Mary Kay insists, "People have a right to know." Implied is that she speaks as a mother, since we see children's drawings on her bulletin board. Director Kessell says both Lucas and Mary Kay have justifiable perspectives, based on their social position. The script fosters ambivalent audience response by not allowing viewers to identify only with Walter's point of view, even though here the sequence illustrates how hard notification laws make it for offenders to reintegrate into the community.
Internal framing and the placing of Walter as a small figure in his environment, as well as the dull bluish tones that make up the film's palette — all these convey Walter's feelings of isolation and powerlessness.
The same kinds of framing and use of dull bluish color are used when we see him outside.
Walter must see a therapist, a young man who does not seem particularly skilled or charismatic. The script avoids making the therapy scenes emotionally engaging or dramatically curative, as is done in Good Will Hunting or Ordinary People.
Walter may have molested his younger sister, but we are not told that. What he says is that she would sit on his lap when they were children and he would revel in the smell of her hair.
At the advice of his therapist, Walter begins a journal. At first he resisted, saying it was "evidence." He uses it to document the activities of a potential preditor he sees around the school, whom he names Candy.
Walter's brother-in-law Carlos has remained friendly to him.
Carlos says he's loyal to Walter because Walter was one of the few people who accepted his sister's engagement to "a brown-skinned man."
Walter misunderstands Carlos, telling the therapist that Carlos loves his daughter "too much." On the other hand, Carlos misundertands Walter when Walter tries to discuss the sexual feelings that parents have for their children.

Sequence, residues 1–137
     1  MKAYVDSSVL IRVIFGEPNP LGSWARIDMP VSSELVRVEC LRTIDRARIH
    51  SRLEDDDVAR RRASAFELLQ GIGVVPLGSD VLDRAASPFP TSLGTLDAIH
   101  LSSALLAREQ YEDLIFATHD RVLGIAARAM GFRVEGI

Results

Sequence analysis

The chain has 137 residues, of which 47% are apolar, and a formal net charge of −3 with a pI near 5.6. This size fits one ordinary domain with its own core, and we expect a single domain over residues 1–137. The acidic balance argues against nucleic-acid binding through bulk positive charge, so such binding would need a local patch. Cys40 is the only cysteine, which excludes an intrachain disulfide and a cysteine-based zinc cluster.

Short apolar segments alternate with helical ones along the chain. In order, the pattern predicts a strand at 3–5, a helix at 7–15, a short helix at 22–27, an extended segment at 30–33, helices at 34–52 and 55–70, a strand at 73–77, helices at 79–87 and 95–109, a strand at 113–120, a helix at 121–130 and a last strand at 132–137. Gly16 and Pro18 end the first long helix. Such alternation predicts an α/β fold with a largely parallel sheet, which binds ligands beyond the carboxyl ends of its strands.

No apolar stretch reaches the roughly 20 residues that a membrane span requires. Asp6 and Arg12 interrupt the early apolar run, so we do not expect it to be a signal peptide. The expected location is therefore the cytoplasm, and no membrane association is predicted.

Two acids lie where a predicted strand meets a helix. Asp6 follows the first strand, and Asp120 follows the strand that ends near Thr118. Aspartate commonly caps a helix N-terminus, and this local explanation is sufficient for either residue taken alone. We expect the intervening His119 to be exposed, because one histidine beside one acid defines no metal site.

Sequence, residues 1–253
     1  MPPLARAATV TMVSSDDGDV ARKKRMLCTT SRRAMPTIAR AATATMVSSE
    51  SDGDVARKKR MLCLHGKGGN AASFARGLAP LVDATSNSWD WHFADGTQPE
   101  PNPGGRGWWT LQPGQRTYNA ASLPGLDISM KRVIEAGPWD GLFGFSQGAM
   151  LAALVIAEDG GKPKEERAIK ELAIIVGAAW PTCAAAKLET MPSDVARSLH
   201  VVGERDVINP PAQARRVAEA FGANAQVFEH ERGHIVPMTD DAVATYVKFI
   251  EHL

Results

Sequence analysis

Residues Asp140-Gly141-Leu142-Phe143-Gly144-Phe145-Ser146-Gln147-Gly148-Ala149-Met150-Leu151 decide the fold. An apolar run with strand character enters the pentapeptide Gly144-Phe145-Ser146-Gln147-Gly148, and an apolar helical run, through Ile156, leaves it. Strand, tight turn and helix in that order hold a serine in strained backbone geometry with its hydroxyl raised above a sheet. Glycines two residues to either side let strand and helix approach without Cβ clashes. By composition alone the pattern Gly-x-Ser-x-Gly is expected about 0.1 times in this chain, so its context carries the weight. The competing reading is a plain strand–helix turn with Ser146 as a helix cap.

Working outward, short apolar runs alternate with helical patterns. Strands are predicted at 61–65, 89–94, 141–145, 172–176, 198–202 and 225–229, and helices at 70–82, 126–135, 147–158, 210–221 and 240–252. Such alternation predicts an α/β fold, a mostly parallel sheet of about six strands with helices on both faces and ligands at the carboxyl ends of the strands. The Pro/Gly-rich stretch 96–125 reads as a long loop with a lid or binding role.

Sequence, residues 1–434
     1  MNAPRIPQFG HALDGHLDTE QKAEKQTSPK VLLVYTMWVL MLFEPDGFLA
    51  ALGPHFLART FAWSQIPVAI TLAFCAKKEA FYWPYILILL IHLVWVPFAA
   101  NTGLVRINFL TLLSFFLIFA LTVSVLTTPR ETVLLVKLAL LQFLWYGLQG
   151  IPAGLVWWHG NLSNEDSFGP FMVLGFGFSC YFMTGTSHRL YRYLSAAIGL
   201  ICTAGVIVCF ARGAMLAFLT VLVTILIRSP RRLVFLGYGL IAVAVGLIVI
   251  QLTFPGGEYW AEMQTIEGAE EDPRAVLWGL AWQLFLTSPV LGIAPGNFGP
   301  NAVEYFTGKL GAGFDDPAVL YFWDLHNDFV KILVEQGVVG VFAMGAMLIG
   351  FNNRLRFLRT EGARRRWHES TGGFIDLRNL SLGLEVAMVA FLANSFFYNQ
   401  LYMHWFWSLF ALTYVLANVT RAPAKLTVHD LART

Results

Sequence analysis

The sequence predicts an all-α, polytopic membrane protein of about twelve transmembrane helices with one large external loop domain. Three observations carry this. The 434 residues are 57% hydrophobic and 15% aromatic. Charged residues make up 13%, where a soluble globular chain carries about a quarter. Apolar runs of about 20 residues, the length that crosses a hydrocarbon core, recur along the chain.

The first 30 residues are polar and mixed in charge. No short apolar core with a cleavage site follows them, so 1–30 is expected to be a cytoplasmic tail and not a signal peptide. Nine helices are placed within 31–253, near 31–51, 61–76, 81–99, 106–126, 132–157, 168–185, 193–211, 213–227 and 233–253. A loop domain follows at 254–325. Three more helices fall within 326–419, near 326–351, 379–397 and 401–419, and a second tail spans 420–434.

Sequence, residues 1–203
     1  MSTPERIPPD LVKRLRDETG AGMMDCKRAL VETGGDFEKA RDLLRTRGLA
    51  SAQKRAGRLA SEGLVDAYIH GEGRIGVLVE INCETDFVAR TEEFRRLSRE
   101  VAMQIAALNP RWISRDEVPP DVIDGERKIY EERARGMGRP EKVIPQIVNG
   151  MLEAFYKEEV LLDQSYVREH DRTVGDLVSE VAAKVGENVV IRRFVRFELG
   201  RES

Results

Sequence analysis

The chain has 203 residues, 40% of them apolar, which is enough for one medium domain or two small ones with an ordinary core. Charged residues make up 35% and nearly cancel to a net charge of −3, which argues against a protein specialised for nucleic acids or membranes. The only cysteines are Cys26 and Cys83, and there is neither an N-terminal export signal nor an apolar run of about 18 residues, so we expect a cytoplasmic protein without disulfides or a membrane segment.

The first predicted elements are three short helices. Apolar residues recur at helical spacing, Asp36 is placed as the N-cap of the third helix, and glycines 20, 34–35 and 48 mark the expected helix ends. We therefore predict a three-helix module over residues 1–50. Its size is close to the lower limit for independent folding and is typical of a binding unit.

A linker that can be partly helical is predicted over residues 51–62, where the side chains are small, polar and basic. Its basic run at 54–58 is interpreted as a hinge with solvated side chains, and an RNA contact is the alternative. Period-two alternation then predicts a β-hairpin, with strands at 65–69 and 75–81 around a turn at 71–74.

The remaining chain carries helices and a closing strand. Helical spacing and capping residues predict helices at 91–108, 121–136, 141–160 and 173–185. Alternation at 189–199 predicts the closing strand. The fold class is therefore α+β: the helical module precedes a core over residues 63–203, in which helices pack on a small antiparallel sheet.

Carlos becomes enraged and says he will kill Walter if Walter ever lays a hand on Carlos and the sister, Annette's, little girl.
Candy tries to lure boys to come with him in his car...
...by offering them candy.
The film tries to balance out a view of child molestation by including both heterosexual and homosexual examples. But our sympathy for Walter vs....
...Candy's act of predation make the homosexual molestation seem more threatening and dangerous. The fact is that most molestation occurs among acquaintances and especially within the extended family.
Walter beats up Candy when he sees Candy letting a child out of his car after dark. Candy's bloodied face is briefly exchanged...
with an image of Walter's, indicating that...
...Walter's excessive rage is directed largely against himself.
Lucas stops by to tell Walter about the attack near the school and that the "victim" had a record as an abuser. He implicitly indicates he knew Walter did it but is ok with that. Walter also indicates that he is closer to recovery because...
...he is moving in with a woman. The romance subplot between Walter and Vicki has provided a major way for us to identify with him. This shot of them moving his things into her van is significantly not shot though the bars of his venetian blinds.
At the end, Vicki and Carlos are present as Walter has a meeting with his sister, in which she is clearly still angry at him. We see this from a distance and do not hear what is said.
The film The Woodsman develops some of the social issues about managing sexual offenders in the community, bringing some of the major political and academic concerns to life. In particular, it critically explores the issues of supervision and monitoring, community notification and "child safety zones."
On release, Walter is subject to both treatment, through ongoing counselling, and supervision and monitoring by a tough cop, Sergeant Lucas. Lucas makes no secret of his hatred of sex offenders, threatening to throw Walter out of a window, knowing that that there would be very little concern: